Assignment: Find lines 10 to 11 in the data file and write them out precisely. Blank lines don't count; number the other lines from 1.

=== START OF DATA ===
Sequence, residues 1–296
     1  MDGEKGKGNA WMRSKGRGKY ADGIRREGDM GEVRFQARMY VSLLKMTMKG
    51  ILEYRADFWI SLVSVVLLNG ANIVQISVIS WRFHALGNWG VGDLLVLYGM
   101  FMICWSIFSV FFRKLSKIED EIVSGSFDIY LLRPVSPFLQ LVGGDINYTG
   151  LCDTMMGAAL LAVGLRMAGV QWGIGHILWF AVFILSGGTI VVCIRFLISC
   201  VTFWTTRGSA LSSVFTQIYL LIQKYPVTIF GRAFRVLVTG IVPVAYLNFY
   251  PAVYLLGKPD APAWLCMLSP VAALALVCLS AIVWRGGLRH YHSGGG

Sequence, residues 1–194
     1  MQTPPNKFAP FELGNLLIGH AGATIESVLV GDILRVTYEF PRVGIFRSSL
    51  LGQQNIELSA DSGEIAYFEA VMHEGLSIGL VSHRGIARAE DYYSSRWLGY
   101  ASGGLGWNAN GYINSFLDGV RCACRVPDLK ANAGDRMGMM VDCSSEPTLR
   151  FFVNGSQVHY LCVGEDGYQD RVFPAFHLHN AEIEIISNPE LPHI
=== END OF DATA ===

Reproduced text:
    51  LGQQNIELSA DSGEIAYFEA VMHEGLSIGL VSHRGIARAE DYYSSRWLGY
   101  ASGGLGWNAN GYINSFLDGV RCACRVPDLK ANAGDRMGMM VDCSSEPTLR